RealTalk Penn beta is an anonymous Q&A forum for Penn students by The Signal + Friends. Our contributors are Penn undergraduates who do their best to answer your questions. We're not officially affiliated with the University of Pennsylvania.
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I'm an incoming English major in the College of Arts and Sciences. Do y'all find advising to be helpful in determining your curriculum, or are you better off turning to students?

I'm a CIS major but an English minor; my CIS advisor has been fine but not super helpful other than to offer the standard academic advice, and the CIS upperclassmen have been really great at offering their personal experience in classes. In my experience, English professors are a lot more invested in students and give more personal, tailored advice, so hopefully this will be your experience! But I would say definitely reach out to multiple students as well for feedback on their favorite classes / advice, since their perspective will be different than a professor's, and I think it's valuable to get a mix of opinions.

Kindred Koala, 20 January 2020, 4:32pm

If I'm not interested in drinking/parties, should I still rush a sorority?

Sororities can be lots of things - they can give you a community, a network of people on campus, philanthropic opportunities, and yes, lots of social opportunities like mixers and formals. It's definitely not uncommon for girls in my sorority not to drink, and everyone is super respectful of that. It's more rare for girls not to want to go to parties, even if it's just to hang out with their sisters. I would say there's a lot you can get out of a sorority if you're not into that stuff - a close network of friends, philanthropy, social events outside of parties, etc. - but I will say that Greek life in general is structured to be a social activity, and the most common form of that is partying on the weekends, so you may want to ask yourself whether it's worth it both with your money and your time/energy to rush if you think you won't be attending the majority of the social events where you'll get to hang out with other girls. However, this also totally depends on the sorority, and some are more focused on partying than others. I'd say if you're in doubt, rush, talk to the girls about this, and see if you think it's for you!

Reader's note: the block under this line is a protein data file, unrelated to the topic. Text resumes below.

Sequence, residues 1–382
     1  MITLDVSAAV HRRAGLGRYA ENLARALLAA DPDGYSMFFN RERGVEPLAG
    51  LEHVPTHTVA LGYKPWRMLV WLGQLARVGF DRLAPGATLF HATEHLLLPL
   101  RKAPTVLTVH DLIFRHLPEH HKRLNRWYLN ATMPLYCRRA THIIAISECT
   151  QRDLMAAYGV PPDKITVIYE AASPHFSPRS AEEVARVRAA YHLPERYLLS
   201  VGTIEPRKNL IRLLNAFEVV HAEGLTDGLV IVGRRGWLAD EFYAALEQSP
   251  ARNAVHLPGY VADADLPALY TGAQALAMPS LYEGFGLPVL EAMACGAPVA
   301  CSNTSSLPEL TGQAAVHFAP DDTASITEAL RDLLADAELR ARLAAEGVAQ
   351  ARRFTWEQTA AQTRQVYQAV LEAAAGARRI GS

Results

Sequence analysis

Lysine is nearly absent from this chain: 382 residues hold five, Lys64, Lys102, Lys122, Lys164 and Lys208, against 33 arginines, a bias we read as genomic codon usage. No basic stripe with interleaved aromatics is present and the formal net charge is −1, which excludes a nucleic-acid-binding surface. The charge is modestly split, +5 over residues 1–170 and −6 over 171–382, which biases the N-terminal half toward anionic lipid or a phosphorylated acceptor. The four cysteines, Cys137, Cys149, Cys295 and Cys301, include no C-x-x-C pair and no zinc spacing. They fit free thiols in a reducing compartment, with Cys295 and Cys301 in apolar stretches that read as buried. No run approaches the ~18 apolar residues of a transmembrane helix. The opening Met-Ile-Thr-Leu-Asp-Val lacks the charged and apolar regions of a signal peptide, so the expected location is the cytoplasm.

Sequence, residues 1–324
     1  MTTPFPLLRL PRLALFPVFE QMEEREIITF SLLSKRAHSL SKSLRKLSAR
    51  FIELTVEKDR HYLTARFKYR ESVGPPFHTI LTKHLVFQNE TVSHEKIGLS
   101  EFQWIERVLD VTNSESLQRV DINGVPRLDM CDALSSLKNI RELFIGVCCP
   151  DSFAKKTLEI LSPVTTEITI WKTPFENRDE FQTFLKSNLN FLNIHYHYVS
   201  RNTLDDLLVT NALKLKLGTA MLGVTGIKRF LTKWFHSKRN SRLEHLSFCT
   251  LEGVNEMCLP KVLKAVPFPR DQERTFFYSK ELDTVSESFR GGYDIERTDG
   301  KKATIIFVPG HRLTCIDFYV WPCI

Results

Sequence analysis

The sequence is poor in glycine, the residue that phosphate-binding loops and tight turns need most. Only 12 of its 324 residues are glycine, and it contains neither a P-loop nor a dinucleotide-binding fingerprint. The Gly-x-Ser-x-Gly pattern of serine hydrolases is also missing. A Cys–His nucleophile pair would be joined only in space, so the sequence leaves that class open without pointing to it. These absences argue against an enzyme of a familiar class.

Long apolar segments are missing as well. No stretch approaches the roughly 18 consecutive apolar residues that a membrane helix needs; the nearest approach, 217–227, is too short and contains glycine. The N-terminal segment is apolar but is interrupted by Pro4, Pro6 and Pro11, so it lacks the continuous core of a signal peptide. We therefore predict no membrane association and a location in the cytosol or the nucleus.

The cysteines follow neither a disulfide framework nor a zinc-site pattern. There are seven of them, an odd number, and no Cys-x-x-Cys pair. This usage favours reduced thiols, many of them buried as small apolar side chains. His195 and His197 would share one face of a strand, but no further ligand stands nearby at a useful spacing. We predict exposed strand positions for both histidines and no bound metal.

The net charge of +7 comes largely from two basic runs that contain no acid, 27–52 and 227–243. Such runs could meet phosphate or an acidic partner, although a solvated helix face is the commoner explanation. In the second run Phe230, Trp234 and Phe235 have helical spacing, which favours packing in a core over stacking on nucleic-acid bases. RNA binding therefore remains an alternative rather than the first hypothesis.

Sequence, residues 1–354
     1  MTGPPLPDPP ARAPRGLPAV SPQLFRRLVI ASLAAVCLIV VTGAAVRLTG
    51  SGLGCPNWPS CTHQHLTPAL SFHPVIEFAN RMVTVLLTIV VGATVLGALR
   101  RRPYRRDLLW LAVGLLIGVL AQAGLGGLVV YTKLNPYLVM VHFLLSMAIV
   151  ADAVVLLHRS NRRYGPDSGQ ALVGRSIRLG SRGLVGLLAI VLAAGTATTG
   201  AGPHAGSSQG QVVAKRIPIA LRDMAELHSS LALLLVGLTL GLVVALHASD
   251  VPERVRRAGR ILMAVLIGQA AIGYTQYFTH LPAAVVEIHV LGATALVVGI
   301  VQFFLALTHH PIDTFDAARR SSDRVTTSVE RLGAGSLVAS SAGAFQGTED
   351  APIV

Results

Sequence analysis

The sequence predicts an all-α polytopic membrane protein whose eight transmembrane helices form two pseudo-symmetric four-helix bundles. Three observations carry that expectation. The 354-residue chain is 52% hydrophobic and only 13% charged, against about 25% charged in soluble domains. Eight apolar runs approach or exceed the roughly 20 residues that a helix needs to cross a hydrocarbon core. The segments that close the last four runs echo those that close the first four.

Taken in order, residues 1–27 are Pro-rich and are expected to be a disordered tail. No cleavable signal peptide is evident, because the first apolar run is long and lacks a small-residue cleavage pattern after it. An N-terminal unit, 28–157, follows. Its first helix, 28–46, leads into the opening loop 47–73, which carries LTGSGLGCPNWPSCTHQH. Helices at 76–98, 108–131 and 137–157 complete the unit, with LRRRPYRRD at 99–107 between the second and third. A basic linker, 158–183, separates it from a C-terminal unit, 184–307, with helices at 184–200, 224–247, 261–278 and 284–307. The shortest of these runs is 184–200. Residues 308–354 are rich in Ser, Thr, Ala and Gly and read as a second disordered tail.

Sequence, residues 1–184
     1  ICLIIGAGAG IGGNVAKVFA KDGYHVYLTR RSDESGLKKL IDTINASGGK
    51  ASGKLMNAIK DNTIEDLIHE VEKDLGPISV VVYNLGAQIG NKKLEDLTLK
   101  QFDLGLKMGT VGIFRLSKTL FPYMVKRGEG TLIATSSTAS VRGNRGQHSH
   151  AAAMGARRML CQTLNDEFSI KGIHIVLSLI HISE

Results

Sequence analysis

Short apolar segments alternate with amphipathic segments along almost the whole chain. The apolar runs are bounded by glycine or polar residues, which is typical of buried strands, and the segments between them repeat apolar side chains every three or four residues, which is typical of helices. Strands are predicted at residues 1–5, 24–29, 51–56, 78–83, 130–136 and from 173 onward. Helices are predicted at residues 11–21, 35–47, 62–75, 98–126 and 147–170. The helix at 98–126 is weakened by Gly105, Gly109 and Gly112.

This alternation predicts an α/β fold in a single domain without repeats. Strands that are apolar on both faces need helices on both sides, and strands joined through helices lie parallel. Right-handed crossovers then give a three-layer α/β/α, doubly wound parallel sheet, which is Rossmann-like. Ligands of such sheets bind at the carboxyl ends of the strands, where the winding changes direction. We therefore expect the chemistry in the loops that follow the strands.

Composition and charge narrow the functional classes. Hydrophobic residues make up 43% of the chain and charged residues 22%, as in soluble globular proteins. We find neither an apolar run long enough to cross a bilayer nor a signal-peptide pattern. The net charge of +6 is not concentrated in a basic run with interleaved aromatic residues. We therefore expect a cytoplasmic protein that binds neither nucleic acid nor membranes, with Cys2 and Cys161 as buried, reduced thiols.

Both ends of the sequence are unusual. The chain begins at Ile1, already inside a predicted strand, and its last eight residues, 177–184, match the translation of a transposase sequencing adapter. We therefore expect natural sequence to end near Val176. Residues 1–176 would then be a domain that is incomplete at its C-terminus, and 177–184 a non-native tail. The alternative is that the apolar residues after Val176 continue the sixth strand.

Kindred Koala, 20 January 2020, 4:25PM

I know many students face a lot of mental health challenges during school; are there any helpful tips / lifestyle choices that help y'all keep yourself well?

I definitely found myself struggling with mental health more since coming to college, and these are some things I've found that help me cope:

1) Above all, be kind to yourself! Try not to be too hard on yourself, accept the mistakes/failures you make, and appreciate that you're handling a lot and doing the best you can. Celebrate the little, day-to-day wins and recognize when you've reached your limit.

2) Getting off campus - whether it's going for a walk in the city or going to a coffee shop downtown on the weekends to get some work done, this helps you get a chance to breathe away from what can be a stressful environment and helps you see the bigger picture.

3) Prioritizing my physical & emotional wellbeing over schoolwork, internships, even social life, etc. - I learned quickly that I don't function well when I'm not sleeping or eating well or exercising, so I've learned to prioritize these things, even when I have a lot on my plate. I've also learned that it's okay to take a day or two off and take the time to refresh. It's okay to say no to things that feel like too much and just taking some time for yourself.